In this section, we will be dealing with Luke’s use of Mark. And at this point, hopefully we have a sense of how this works. Matthew and Luke have their own material. Matthew’s material is called M material. Mark doesn’t have a designation because they use his Gospel. So Luke’s material would be L material, material that’s pertinent to Luke, common to Luke. And of course, we haven’t even mentioned the material that’s common to Matthew and Luke to the tune of about 230 to 250 verses, which we call Q. But we’re not going to be dealing with that. So I’m going to do this by way of example. So I have two examples that I want to work through. The first example involves Luke 3:1-20. And of course, that will be correlated with Mark 1:1-8. Mark 1:1-8 has to do with the beginning, the ministry of John the Baptist, his call to the nation to repentance in light of the soon coming of the Messiah.
So in Luke 3:1, we see immediately L material, Luke’s material. Verse 1, “In the fifteenth year of the reign of Tiberius Caesar.” So you have chronological information. And of course, we know reasonably well that this is actually about 29 AD. “Pontius Pilate being governor of Judea, and Herod being tetrarch of Galilee, and his brother Philip tetrarch of the region of Ituraea and Trachonitis, and Lysanias tetrarch of Abilene, during the high priesthood of Annas and Caiaphas.” That’s rather extensive information, lining up of administrative positions from the Caesarean rule over the Greco-Roman Empire, all the way down to tetrarchs over the provinces in Palestine and outside of it, to the high priesthood of Annas and Caiaphas. At this point in human history, the Sadducees, the priesthood is secularized. That’s our term. We can read it back safely into that time period. They are secularized and they tend to be Sadducean.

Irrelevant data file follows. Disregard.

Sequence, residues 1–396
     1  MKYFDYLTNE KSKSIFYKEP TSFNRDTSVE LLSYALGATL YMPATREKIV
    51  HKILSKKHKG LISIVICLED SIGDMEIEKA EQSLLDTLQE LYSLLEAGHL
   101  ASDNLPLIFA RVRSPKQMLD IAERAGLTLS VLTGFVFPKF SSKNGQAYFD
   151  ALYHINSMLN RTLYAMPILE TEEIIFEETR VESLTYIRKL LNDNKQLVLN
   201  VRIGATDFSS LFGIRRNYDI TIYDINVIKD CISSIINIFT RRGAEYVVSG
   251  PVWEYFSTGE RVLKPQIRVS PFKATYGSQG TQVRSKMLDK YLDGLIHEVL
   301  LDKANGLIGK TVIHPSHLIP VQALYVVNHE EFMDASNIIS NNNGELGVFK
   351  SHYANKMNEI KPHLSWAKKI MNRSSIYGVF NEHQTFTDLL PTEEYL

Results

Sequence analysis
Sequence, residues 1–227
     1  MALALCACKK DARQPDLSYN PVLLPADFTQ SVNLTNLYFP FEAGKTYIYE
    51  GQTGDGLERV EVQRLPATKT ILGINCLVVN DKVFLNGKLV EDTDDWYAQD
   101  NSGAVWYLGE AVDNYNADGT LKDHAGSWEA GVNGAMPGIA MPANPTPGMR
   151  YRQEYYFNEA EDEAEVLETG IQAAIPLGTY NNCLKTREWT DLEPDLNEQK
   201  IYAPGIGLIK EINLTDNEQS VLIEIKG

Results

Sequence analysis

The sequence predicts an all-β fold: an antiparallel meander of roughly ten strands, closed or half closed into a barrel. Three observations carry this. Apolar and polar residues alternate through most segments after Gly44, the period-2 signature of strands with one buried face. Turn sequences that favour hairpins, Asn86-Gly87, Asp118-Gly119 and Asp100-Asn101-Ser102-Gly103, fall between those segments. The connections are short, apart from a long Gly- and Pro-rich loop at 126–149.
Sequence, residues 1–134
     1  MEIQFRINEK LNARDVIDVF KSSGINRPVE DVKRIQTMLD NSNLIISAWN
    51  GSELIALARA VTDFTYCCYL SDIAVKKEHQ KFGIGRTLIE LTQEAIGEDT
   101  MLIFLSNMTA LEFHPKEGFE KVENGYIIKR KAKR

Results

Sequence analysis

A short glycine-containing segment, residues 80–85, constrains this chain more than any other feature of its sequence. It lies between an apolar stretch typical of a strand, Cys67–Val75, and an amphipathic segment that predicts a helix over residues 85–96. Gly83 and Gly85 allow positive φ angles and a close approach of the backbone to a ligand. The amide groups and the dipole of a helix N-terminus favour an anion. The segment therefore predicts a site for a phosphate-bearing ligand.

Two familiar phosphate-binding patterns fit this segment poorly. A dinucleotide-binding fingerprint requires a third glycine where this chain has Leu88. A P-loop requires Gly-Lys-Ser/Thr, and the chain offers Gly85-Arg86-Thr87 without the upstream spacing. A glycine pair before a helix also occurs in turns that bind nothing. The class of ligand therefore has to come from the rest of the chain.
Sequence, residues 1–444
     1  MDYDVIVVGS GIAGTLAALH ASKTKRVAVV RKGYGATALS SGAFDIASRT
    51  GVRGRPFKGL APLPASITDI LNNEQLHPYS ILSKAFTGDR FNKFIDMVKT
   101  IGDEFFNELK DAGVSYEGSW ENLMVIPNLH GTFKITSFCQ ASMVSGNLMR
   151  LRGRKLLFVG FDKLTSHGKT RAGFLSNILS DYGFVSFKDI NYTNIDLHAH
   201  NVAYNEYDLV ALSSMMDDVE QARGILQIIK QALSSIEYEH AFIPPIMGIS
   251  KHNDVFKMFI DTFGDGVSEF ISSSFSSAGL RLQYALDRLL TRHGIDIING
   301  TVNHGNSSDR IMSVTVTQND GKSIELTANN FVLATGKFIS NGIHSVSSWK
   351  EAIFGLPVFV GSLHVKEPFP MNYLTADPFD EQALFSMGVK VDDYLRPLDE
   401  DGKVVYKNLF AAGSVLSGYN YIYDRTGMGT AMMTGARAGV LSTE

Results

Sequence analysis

“The word of God came to John the son of Zechariah in the wilderness. He went into all the region around the Jordan,” we read in verse 3, proclaiming a baptism of repentance for the forgiveness of sins. As it is written in the book of the words of Isaiah the prophet.” So here you have Luke basically referring to the scroll in the same way that Mark does in verse 4, “The voice of one crying in the wilderness: ‘Prepare the way of the Lord, make his paths straight.’” And then verse 5, he goes on with the description. He cites Isaiah 49:11 and Zechariah 4:7. Of course, Zechariah is within the scroll that you have here, the scroll of Isaiah the prophet, which includes a listing, a corpus of Minor Prophets. And so you have Zechariah 4:7. You’ve got Isaiah 49:11. So he goes on in verse 5 of chapter 3, “Every valley shall be filled, and every mountain and hill shall be made low, and the crooked shall become straight, and the rough places shall become level ways, and all flesh shall see the salvation of God.’”